Agency holding company Omnicom Group reported Q2 revenues above analysts' estimates, due in part to growth in its programmatic buying unit, Accuen, as well as growth in the retail and telecom sectors. Its rival, Publicis Groupe, with whom it once planned to merge, had a weak quarter by contrast.
Omnicom’s global revenue increased 6.4% to $3.9 billion from $3.6 billion in 2013's second quarter, with domestic revenues hitting $2.1 billion.
Paris-based Publicis reported decreasing revenues of $2.37 billion, compared to $2.41 billion in 2013's second quarter. Analysts estimated that Publicis’ earnings would reach $2.53 billion, and the company said negative foreign-exchange movements had a large impact on its sales figures.
Omnicom’s Accuen unit is taking a portion of the media it buys and sells, which the company disclosed to investors for the first time. The company reported $40 million in growth due to its programmatic buying unit, but did not say what margins it takes.
“We’re taking a principle bet,” Omnicom CFO Randall Weisenburger said during the call. “We’re buying specific media and reselling that at hopefully an increased price in most circumstances, since our revenue is based upon the difference between the purchase price in media and the sales price. We then have to provide all of the services, all of the underlying technology, build the platform, do the insights and take all the risk.”
This seems similar to the controversial strategy behind WPP’s trading unit, Xaxis, though Omnicom CEO John Wren swiftly pointed out differences.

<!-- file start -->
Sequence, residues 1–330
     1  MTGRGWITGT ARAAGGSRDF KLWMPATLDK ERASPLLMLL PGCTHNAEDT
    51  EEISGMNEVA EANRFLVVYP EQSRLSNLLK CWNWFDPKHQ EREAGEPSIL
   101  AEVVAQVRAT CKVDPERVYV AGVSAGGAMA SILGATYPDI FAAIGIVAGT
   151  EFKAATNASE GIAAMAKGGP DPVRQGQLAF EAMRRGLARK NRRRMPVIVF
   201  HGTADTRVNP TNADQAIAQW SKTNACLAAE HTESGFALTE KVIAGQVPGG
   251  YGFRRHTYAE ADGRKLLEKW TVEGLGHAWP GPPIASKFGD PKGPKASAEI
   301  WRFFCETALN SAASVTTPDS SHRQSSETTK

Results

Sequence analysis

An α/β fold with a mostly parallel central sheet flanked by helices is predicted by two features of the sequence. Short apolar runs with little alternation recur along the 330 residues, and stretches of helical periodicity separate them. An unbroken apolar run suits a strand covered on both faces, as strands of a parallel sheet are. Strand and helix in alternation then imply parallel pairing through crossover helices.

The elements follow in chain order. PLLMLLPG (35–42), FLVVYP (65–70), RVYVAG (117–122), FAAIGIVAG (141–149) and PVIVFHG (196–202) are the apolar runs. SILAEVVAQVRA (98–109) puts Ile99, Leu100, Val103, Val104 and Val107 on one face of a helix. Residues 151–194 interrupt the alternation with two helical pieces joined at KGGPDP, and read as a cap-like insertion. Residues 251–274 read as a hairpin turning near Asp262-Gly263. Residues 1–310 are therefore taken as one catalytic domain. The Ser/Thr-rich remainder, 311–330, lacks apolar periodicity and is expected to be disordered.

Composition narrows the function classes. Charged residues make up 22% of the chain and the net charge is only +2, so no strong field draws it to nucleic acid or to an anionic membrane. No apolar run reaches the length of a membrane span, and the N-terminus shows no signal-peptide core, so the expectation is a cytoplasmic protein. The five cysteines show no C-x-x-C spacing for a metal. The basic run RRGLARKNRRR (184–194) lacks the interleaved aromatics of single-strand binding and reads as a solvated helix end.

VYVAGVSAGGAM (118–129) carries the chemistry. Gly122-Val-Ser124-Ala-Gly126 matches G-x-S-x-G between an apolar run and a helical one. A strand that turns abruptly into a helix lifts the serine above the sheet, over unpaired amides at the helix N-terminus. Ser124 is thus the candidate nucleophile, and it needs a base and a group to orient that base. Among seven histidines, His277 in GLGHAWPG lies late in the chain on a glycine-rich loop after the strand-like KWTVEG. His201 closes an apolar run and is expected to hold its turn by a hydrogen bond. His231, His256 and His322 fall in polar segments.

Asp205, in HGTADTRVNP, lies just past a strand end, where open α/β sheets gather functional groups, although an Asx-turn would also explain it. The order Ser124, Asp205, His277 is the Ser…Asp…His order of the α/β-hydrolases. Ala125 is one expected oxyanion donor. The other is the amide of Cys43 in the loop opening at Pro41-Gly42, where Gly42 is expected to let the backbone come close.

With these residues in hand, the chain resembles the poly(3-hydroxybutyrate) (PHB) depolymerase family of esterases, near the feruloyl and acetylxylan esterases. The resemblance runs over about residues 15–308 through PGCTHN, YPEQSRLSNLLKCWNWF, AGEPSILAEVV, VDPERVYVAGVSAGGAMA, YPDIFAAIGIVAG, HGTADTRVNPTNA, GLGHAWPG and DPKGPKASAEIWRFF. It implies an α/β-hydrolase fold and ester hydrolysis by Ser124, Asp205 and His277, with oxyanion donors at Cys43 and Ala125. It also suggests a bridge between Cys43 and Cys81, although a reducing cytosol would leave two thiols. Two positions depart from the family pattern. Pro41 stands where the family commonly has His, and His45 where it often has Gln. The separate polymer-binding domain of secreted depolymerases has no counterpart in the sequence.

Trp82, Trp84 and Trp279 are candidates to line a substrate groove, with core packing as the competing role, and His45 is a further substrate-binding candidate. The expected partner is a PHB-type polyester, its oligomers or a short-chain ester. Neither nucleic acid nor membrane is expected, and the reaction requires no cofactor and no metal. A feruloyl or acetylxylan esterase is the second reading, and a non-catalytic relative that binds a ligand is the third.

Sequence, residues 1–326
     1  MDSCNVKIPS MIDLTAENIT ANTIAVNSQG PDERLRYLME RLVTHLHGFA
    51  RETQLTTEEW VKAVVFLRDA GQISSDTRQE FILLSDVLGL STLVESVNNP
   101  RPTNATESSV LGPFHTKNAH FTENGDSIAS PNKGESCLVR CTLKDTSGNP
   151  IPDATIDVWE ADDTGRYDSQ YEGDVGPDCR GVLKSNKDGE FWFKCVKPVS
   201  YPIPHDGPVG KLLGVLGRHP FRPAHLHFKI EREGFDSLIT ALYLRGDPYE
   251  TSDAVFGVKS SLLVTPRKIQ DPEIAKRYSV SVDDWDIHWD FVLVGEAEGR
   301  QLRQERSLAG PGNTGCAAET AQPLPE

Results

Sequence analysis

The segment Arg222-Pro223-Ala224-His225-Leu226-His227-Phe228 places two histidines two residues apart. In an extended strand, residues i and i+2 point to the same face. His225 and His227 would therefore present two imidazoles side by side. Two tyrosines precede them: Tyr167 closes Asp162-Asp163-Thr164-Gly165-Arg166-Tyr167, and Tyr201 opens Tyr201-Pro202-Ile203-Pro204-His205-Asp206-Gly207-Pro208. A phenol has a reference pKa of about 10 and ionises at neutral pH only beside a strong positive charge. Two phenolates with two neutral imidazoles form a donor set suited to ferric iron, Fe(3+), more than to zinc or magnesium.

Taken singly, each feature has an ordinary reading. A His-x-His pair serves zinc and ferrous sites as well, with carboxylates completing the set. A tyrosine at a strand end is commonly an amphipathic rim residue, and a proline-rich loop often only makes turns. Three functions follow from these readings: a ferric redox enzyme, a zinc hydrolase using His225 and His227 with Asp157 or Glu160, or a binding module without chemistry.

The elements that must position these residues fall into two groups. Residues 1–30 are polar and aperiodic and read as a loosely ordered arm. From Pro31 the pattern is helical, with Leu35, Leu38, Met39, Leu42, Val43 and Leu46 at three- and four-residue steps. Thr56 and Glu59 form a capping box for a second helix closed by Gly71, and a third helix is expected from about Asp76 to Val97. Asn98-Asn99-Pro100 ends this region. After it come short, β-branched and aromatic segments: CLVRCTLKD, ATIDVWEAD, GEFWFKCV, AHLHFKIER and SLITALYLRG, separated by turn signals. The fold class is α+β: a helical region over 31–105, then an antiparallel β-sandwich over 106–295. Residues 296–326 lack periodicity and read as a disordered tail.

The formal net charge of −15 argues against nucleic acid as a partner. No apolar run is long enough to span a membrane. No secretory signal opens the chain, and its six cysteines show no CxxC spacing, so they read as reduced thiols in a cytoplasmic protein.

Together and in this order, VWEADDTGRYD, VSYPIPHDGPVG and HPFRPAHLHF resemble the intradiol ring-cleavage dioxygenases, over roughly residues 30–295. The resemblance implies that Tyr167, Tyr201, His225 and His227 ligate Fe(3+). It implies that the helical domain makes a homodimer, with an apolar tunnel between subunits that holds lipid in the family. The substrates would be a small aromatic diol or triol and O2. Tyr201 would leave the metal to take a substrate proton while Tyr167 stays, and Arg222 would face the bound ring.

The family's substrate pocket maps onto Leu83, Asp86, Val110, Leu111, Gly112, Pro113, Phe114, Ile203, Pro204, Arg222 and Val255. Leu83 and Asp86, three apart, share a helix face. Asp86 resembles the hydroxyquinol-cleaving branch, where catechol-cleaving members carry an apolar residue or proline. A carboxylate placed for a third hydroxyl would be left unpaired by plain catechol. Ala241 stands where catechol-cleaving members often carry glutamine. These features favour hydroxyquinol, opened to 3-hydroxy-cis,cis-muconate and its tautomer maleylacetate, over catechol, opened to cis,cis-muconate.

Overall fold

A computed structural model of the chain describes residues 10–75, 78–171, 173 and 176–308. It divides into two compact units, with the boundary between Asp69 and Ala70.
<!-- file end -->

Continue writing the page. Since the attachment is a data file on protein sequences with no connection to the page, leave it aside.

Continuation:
“In our case it’s opt-in,” he said. “Its not all of our clients, it’s only those clients who choose to participate. At this point it’s early days and this business isn’t fully developed. I don’t know that you can draw a straight line and compare all the groups at this moment.”
While Wren was happy with his company’s earnings, his counterpart at Publicis Groupe was not.
"These figures are not satisfactory by our standards," Publicis CEO Maurice Lévy said during the company's earnings call. "They are not consistent with what our operations can achieve."
Analyst Brian Wieser of Pivotal Research Group said Publicis' earnings were worse than expected, calling the results primarily company-specific. "While a soft top-line was not surprising," he wrote in a research note, "weak margins were more so."
Moving forward, Lévy said that the company's digital growth (+8.8% for Q2 2014) proved that its strategy is "spot-on," and said that the company would focus on controlling costs in an attempt to achieve improved margins for the full year.
Did Omnicom’s quarterly victory come at all at Publicis’ expense?
"While we've won a lot of business this quarter, I don’t believe Publicis is where we got it from," Wren said. "Our wins really come from Interpublic and from WPP.”
Omnicom said the company was on track to meet its revenue goals and target margins by the end of the year, and Publicis also expects to rebound in the second half of 2014. But Wieser was skeptical: "Commentary around (Publicis’) 4.0% full-year organic growth goal offered what we would characterize as tepid support for the company’s goal."
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